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Ayr Scottish Grand National meeting preview



Scottish Sun columnist and Racing TV analyst Ed Watson is our man on the ground for Saturday’s spectacular card at Ayr, where it’s 50 years to the day since Red Rum became the first – and to date only – horse to win the Aintree and Scottish Grand Nationals in the same season.

GIT MAKER (Scottish Grand National, 3.35 Ayr)

You expect to bump into Grade 1 horses at Cheltenham. Just not in the Kim Muir. That’s what happened to GIT MAKER, who would have been a wide-margin winner of that amateur riders’ handicap at the Festival had Inothewayurthinkin not been allowed to scrape into the race off what the world now knows was a gift of a mark of 145. Gavin Cromwell’s winner is now up to 158 following his ultimately clear-cut Grade 1 victory at Aintree last week, and promises to rate higher still once all the pieces of his jumping come together.

A bird, or big race, in the hand is worth two in the bush, of course. But the flip side for Git Maker’s trainer Jamie Snowden is his charge has gone up only 1lb for that run. Without Inothewayourthinkin in the race, Git Maker would probably have been hit with an 8lb rise, maybe more, for winning. As a result, Snowden’s eight-year-old remains a well-handicapped horse in my book, with further improvement likely now stepping up to four miles for the first time. Handsome and deserved compensation awaits here with a clear round.

The Inside Word: “He’s got the right kind of profile for the race. He’s won six of his 11 races to date, so he knows how to win. He stays very well and is better going left-handed rather than right. It was a cracking run in the Kim Muir and he’s come out of it very well. We’ll need a bit of luck, but then they all do.” – Jamie Snowden, trainer of Git Maker

WHACKER CLAN (Scottish Grand National, 3.35 Ayr)

The Kim Muir form can come to the fore here as I expect the demands of this race to suit WHACKER CLAN ideally. He has 18 lengths to find with Git Maker on that Festival form yet is no better off at the weights here by virtue of being 1lb out of the handicap.

Henry De Bromhead’s horse ran better there than the official result indicates, only weakening from the second-last on ground that had gone against him. Blessed with the right blend of tactical pace and stamina, his front-running style is a proven formula for success in the Scottish National, where making up ground from the second half of the field can be extremely difficult.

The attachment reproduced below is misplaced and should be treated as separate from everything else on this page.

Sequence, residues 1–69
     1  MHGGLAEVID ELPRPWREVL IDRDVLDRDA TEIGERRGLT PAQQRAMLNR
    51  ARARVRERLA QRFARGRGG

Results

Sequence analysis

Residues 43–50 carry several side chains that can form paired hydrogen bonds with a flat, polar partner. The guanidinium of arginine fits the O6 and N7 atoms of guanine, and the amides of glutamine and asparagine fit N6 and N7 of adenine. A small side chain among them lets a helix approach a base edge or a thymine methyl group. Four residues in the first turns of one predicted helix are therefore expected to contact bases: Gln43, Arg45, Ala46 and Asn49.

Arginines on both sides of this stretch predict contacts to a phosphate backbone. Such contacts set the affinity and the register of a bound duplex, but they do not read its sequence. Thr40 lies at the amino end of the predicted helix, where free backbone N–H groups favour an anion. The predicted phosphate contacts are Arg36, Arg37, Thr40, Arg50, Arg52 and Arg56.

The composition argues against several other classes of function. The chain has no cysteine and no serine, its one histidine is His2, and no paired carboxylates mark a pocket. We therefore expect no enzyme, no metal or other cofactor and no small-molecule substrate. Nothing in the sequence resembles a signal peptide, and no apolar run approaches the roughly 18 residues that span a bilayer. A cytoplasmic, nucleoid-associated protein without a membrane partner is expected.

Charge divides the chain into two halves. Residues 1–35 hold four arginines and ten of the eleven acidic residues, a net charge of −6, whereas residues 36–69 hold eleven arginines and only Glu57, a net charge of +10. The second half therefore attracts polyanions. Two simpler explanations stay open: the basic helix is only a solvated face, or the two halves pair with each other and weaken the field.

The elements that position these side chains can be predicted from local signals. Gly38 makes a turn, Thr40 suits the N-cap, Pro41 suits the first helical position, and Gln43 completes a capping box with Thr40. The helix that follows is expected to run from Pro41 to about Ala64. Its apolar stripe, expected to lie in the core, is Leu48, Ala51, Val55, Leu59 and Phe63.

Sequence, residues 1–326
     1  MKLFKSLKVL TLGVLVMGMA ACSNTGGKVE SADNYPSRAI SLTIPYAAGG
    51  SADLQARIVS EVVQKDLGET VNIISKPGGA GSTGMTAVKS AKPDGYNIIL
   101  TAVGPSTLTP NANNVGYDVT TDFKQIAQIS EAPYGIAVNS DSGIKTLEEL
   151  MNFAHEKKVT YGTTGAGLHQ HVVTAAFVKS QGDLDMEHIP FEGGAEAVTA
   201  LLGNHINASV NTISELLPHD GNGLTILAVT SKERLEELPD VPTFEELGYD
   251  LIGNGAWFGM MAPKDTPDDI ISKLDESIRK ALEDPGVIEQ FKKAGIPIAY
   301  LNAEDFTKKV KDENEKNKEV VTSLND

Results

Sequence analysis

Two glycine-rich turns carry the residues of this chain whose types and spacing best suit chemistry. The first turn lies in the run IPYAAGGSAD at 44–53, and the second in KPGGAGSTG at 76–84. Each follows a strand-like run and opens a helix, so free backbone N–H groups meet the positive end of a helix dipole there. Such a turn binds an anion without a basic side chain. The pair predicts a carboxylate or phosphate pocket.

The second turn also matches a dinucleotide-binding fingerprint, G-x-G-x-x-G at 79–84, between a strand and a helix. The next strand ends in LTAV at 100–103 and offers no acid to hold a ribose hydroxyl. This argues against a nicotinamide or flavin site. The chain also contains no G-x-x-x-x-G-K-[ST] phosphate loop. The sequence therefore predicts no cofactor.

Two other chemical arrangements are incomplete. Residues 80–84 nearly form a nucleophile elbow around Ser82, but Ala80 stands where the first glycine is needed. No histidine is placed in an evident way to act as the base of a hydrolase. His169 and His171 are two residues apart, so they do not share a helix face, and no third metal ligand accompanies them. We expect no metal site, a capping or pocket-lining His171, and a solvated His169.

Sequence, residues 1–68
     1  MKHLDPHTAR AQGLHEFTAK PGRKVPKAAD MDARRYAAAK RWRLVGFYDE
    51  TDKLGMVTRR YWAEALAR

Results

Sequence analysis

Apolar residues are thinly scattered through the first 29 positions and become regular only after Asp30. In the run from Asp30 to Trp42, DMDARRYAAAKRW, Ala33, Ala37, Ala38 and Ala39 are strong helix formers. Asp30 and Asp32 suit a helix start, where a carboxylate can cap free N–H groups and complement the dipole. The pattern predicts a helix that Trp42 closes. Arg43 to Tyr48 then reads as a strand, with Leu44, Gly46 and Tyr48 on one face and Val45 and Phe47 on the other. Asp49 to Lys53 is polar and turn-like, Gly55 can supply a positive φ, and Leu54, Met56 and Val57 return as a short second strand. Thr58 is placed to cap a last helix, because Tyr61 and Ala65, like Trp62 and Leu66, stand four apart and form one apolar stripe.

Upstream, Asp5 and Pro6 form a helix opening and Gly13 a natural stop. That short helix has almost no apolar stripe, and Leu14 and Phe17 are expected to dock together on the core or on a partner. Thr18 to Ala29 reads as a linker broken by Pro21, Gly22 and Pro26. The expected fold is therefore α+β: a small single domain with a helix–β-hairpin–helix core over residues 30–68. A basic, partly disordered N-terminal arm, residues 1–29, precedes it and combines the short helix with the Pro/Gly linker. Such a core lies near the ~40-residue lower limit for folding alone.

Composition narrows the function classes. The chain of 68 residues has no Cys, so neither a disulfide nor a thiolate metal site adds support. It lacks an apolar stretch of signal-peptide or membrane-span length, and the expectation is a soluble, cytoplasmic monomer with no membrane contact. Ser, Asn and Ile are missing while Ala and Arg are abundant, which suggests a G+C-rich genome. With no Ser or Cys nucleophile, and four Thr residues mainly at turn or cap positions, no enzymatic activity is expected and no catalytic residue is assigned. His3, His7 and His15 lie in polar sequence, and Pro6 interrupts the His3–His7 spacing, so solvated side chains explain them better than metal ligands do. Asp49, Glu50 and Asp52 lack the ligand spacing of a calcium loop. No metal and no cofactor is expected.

Drying conditions on the west coast of Scotland are in Whacker Clan’s favour and he’s a fresh horse for the time of year, too, having been given a midwinter break following his defeat of Twig at Cheltenham’s Showcase Meeting at the end of October. The return in the saddle of Rachael Blackmore, who boasts a 3-4 record on him, is another obvious positive. Like Git Maker, four miles is a step into the unknown, but it’s one I suspect will suit.

The Inside Word: “He has progressed really well this season, and he ran a big race in the Kim Muir at the Cheltenham Festival, where he finished third under a really good ride from John Gleeson. Of course, all eyes will be on Willie Mullins’ six horses. If Willie was to win it, it would obviously be a big step forward for him in terms of his chances of winning the British trainers’ championship. But I think that our horse can go well. He’s in good form at home, he seems to have come out of Cheltenham well, and I think that the step up to four miles could suit him.” – Rachael Blackmore, jockey of Whacker Clan via Betfair

L’EAU DU SUD (Scottish Champion Hurdle 2.25 Ayr)

Novices who’ve built up plenty of experience over the course of the season always have to be respected in handicaps like the Scottish Champion Hurdle.

Of this year’s crop, Favour And Fortune was let down by his jumping in last month’s Supreme. Last season’s Grade 2 bumper winner Florida Dreams may well find that part of his game cracking under the pressure of a top-level handicap over this trip. While Cracking Rhapsody has seen the form of his Morebattle Hurdle win take more knocks than a Tory party election campaigner. Ewan Whillans’ novice thrived in that big-field scenario at Kelso and may find the requisite improvement to be competitive from 8lb higher. Of those at bigger prices, he makes most appeal, including at double-digit odds in the ‘without favourite’ market.

Few horses deserve their day in their sun in one of these valuable handicaps than L’EAU DU SUD. He drew six lengths clear of the third (next-time-out Imperial Cup winner Go Dante) when runner-up to Lord Iberico in the Betfair Hurdle; then had everything else beaten off only to be pounced on late by Ebor winner Absurde in Cheltenham’s County Hurdle.

Dan Skelton’s charge has been raised 5lb and another 3lb for those near-misses, yet I still think this ex-French six-year-old is on a good mark. His recent form is the best on show.

It all comes down to price. At 5/2 and 11/4 earlier in the week, my initial thoughts were to find something with which to take him on. As the week’s gone on and he’s drifted a smidge, I’ve warmed to a wager. At the general 3/1, I’m still swithering. At 4/1, as race sponsors Coral and Ladbrokes have pushed him out to at the time of writing, I’m definitely a player.

The Inside Word: “He’s got some nice form from his last two starts and he’s come out of Cheltenham good and well. It’s his first run up at Ayr, but I don’t see the track being a problem and he’s versatile in terms of ground. We’re hopeful he can finally win one of these big handicaps. ”

– Harry Skelton, jockey

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